Pasar al contenido principal

Youth Fellow Spotlight: Ishey Angmo from Ladakh, India

En español

Although the COVID-19 pandemic continues to impact many Indigenous communities at different levels, Cultural Survival's Indigenous Community Media Youth Fellows are dedicated to making communication accessible for their communities, offering multilingual materials, facilitating workshops, and organizing trainings to continue to strengthen their cultures, traditions, languages, and stories while creating safe spaces for Indigenous youth and children’s leadership.  

Our Indigenous Community Media Youth Fellowship Program supports young Indigenous leaders between the ages of 18-25, who are eager to learn about technology, program development, journalism, community radio, media, and Indigenous Peoples’ rights advocacy. 2022 is the fifth year of the Fellowship Program, which has awarded grants to 43 youth to date. The capacity of the fellows is built through training, community radio station exchanges, and conference attendance. This fellowship is an opportunity to assist fellows to represent the voices of their communities and bring awareness of local issues to global conversations through their proposed projects, all the while strengthening their cultural identities and leadership.

Youth Fellow Ishey Angmo, 24, is from a small village Martselang in Union Territory of Ladakh in North India. Currently, she is participating in a program from the Students’ Educational and Cultural Movement of Ladakh (SECMOL), working with the college academic team and media team.

Since childhood Ishey has been interested in radio and in 2015 she joined SECMOL where she has the opportunity to participate at the campus radio station, working on a quarterly newsletter and producing a TV program allowing students to gain audio-visual skills and experience. She strongly believes that the media plays a crucial role in educating, and mobilizing the people of Ladakh. “I want to do this to make sure whatever is ours, remains ours, saved and protected.”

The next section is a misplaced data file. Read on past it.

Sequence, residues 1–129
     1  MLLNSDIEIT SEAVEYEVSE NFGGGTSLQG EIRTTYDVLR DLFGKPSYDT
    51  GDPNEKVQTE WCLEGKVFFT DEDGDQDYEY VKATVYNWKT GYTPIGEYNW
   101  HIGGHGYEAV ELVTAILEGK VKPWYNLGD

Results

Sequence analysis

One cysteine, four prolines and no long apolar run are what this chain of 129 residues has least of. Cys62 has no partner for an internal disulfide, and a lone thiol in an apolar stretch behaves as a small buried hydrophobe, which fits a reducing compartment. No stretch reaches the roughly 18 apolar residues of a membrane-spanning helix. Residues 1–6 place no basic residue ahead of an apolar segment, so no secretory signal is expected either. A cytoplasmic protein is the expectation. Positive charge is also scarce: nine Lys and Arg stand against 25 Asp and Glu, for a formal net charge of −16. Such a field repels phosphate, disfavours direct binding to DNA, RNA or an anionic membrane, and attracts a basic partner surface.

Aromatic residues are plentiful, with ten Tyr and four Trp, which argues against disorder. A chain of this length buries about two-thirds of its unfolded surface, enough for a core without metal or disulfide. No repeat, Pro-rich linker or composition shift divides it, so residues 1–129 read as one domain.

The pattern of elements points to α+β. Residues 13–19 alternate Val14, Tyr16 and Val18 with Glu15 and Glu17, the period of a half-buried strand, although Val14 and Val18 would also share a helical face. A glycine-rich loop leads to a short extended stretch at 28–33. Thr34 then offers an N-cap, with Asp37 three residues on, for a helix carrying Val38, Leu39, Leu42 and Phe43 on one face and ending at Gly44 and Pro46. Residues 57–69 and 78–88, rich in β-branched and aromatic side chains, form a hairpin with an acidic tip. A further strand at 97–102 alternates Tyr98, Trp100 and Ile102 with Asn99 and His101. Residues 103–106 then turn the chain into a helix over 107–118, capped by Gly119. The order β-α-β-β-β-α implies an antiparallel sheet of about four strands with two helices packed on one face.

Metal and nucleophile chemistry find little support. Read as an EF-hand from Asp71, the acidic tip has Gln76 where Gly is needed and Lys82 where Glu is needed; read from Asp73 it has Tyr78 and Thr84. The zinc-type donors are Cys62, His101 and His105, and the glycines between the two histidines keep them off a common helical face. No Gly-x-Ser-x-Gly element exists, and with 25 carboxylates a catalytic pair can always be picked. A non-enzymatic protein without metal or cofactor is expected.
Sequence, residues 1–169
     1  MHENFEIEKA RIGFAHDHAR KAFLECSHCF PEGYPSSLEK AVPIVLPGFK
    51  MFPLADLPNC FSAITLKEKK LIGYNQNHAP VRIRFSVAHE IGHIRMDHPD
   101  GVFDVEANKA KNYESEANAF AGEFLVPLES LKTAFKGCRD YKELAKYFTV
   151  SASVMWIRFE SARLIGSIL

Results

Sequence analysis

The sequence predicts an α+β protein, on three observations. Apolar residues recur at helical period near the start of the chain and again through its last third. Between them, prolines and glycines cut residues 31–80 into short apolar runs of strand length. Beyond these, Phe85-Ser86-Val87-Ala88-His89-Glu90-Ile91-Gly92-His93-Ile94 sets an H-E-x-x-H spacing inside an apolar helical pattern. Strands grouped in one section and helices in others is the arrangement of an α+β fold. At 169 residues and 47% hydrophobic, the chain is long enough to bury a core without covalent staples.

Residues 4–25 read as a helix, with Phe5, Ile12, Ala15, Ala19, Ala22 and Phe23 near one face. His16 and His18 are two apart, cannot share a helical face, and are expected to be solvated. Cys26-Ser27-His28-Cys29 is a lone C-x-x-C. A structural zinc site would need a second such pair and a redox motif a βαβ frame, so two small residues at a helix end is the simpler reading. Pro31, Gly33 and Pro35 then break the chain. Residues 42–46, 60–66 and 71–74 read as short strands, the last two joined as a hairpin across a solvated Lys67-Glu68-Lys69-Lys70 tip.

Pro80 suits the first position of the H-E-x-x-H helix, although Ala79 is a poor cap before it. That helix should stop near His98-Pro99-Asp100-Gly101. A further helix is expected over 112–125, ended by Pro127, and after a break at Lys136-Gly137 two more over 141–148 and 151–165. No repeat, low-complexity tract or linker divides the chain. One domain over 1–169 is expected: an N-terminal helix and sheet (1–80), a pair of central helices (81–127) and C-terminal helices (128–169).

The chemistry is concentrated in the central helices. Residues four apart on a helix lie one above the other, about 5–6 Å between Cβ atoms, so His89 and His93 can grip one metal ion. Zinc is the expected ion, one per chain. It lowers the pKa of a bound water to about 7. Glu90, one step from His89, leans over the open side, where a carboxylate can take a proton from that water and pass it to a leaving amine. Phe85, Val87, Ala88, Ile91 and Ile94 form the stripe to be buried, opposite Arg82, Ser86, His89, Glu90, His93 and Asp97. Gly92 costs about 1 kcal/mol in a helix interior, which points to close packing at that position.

Her fellowship project, titled “Youth Empowerment Through Media to Protect Indigenous Culture, Tradition and Land,” aims to bring change in Ishey’s community through media and uplift the voices of the younger Ladakh generation. Through this project, Ishey provides capacity building in radio programming, audiovisual, and internet use to youth with a goal of strengthening, protecting, and promoting Indigenous cultures and traditions. The workshops are a platform for youth to communicate their aspirations and apprehensions, learn about their rights and how to be effective mediators in promoting the Indigenous wisdom and socially important issues impacting their community.


Harhsa Nagaraju in the blue jacket; an artist, a Buddhist practitioner and researcher; guiding the students at Nyerma. He is being interviewed by Stanzin Nurbu a faculty staff at SECMOL. 

In February 2022, Ishey formed a media team of around 15 students. Many radio programs created by the students were broadcasted on SECMOL’s radio station. They were able to get a taste and experience the process of radio broadcasting: from collecting interviews around campus, editing, to writing dialogues to make a whole skit and much more.

There were radio broadcasts every other day in which a student or two would read the news. Sometimes they aired radio skits addressing social issues and other times they played songs, Ladakhi legend stories, jokes, and poems told by the students. Many students had opportunities to get hands-on experience in radio production. They also created video news which were also telecasted on SECMOL’s TV channel.

Students during their site visit to Nyerma in Thiksey. The place where the first university of Ladakh used to be. 

To close her fellowship process in February, Ishey made several visits to historical places, ruins, and protected areas in Ladakh. Thirty-five students and a few staff members participated in those trips. The students completed their one year course with Ishey on February 28, 2022. Currently, a new cohort of students started their training at the end of April.


Harsha Nagaraju speaking to the students of SECMOL at Shey. He is explaining about Shey Khar, the palace was known as the glass palace due to the fact that the hill it was built on shined very bright in the daylight. He is being recorded by Stanzin Nurbu, a faculty staff of SECMOL - Students’ Educational and Cultural Movement of Ladakh.


Students and staff of SECMOL climbing to a place in Nyerma where the village deity rests. 

Top photo: Students being guided by Harsha Nagaraju at the main temple in Shey Khar palace. He is explaining the wall paintings to them, which are very common in Buddhist temples

All photos by Ishey Angmo.